June Reflections – Beyond Self-Identities


Many of the roles you play in life are rich and meaningful. The obvious ones such as parent, child, spouse, professional, or artist easily come to mind. Maybe you see your primary role as helper, athlete, achiever, clown or rebel. Perhaps you’re not aware of the subtler roles you play. Many of these detract rather than enhance your life, especially the negative ones you took on as a child—scapegoat, victim, one who is unworthy, stupid, or unloved.

All Self-identifies Are Troublesome

Whether obvious or subtle, believing a particular role is your true self gets you in trouble. When this happens, a role becomes a self-identity. Self-identities keep you in a box, narrow your sense of who you really are, and prevent you from being free. If you believe a certain role defines who you are, you act according to how you should behave rather than respond according to the truth of the moment. Trying to live up to role expectations, especially when they become self-identities, causes exhaustion and disappointment. At times, it feels oppressive. When you fall short of these expectations, your inner critic often chimes in, telling you how disappointing you are.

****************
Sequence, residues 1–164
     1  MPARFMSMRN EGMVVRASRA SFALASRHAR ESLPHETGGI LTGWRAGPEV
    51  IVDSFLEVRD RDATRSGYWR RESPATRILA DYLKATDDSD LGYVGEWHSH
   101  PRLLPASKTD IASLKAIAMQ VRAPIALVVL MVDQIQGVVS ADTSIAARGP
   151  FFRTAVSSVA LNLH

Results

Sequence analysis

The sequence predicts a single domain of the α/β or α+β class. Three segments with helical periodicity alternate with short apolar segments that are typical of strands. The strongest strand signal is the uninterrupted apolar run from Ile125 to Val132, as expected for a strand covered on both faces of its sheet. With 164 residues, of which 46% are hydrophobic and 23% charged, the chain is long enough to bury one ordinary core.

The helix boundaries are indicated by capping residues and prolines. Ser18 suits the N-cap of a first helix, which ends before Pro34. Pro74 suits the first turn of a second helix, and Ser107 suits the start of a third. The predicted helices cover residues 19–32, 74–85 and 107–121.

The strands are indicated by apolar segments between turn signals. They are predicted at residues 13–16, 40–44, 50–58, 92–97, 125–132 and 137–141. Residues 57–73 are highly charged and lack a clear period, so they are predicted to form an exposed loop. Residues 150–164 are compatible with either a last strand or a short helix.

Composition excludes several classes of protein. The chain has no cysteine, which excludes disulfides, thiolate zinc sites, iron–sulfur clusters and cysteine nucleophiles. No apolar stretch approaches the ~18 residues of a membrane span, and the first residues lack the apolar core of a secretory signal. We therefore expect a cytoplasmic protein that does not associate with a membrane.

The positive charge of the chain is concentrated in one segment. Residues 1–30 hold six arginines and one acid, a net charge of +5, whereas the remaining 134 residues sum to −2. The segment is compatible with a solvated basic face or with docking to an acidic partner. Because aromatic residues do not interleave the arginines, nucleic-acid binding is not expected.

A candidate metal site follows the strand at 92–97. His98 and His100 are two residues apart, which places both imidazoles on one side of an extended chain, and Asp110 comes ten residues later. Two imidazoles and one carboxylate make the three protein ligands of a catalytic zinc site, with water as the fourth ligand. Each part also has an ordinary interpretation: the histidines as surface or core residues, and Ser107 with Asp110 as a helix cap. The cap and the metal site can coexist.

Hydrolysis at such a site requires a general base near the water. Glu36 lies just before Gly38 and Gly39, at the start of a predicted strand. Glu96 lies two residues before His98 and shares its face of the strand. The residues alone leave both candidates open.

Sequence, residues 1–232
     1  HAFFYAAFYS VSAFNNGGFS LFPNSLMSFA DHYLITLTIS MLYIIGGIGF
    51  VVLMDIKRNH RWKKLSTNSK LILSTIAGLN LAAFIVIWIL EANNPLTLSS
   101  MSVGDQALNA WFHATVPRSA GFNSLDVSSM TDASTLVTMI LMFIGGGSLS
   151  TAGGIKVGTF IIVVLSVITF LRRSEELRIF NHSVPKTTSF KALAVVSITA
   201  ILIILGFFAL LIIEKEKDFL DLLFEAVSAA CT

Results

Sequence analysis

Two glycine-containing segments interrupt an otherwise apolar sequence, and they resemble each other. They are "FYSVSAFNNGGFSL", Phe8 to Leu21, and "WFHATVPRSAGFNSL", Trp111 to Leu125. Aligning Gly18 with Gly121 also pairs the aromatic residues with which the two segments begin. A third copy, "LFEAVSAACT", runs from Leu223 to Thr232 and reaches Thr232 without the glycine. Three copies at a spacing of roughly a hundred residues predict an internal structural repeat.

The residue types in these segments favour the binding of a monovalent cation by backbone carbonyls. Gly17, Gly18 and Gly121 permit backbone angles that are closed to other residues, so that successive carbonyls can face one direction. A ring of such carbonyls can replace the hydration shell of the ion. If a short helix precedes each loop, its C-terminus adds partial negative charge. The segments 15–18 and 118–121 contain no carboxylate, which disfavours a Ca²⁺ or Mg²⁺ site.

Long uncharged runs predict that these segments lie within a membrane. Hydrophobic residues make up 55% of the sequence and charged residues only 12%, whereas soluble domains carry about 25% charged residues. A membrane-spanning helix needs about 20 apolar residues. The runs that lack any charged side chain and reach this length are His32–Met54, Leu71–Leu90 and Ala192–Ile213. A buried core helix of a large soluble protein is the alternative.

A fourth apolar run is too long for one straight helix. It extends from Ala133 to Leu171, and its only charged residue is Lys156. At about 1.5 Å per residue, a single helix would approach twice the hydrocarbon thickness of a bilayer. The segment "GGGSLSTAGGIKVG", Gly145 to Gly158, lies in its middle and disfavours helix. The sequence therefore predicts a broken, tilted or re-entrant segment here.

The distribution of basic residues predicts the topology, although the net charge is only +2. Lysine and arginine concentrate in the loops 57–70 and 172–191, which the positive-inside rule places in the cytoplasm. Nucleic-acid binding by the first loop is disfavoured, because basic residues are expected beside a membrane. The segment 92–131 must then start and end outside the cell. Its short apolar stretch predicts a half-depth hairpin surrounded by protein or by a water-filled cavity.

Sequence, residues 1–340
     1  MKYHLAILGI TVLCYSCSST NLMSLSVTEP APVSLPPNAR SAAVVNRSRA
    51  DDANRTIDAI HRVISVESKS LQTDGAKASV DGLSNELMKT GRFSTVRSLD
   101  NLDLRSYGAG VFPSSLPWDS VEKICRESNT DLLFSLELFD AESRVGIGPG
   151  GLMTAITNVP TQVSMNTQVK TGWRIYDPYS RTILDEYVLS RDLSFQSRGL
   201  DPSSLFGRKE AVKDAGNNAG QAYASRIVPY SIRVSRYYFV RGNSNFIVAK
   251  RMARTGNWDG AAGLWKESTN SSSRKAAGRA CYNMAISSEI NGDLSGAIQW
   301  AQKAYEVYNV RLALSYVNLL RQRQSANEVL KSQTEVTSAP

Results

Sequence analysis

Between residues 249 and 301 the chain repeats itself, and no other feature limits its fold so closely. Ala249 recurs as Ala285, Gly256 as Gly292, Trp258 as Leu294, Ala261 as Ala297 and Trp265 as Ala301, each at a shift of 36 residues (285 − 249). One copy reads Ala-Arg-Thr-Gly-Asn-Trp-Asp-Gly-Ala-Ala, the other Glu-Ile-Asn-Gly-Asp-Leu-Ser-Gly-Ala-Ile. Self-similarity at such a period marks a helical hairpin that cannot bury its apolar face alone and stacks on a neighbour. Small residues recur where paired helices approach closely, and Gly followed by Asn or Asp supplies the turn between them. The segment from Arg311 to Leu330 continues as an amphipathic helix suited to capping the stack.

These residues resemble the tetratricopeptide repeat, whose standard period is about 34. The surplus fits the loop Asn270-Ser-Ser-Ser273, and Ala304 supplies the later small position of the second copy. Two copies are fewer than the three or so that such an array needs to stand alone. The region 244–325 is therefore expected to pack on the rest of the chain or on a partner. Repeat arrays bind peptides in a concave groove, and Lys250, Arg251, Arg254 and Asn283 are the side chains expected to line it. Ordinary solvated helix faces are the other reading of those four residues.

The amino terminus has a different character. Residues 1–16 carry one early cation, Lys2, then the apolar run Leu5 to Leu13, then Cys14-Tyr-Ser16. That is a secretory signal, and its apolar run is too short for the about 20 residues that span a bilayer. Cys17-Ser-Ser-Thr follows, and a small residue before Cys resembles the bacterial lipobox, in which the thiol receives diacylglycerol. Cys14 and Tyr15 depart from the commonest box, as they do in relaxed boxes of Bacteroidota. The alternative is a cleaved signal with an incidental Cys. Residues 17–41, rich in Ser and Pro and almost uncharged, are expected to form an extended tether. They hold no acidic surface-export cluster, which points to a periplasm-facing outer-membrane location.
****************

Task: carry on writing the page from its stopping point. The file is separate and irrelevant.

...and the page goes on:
At other times, when life’s circumstances change and your role changes or ends, you can easily feel adrift, not knowing how to proceed. This is particularly devastating when this role has become is a self-identity. You think this is who you really are. For example, a mother might feel empty when her youngest child goes off to college, a helper might not know who he is if he isn’t helping, a professional feels her life is meaningless if illness or age forces her to retire, an athlete might become depressed if an injury forces inactivity, or an achiever feels bereft if age prevents him from being on top of his game. Even a clown doesn’t know how to behave if circumstances necessitate a serious response.

One of my problematic self-identities is the responsible one. I feel compelled to answer my emails within a day or get to my appointments on time. I fight against any idea that I’m unreliable or disappointing. Being this responsible stokes my ego, making me look good. If I fall short, my inner critic surfaces and pounces on me with its negative remarks. What’s the matter with you? You’re such a failure. How can you feel good about yourself? This keeps me stuck performing the same dutiful behaviors. The Spirit moves as it will, as the saying goes, but I am not following the Spirit. Instead, I’m stuck serving my self-identity.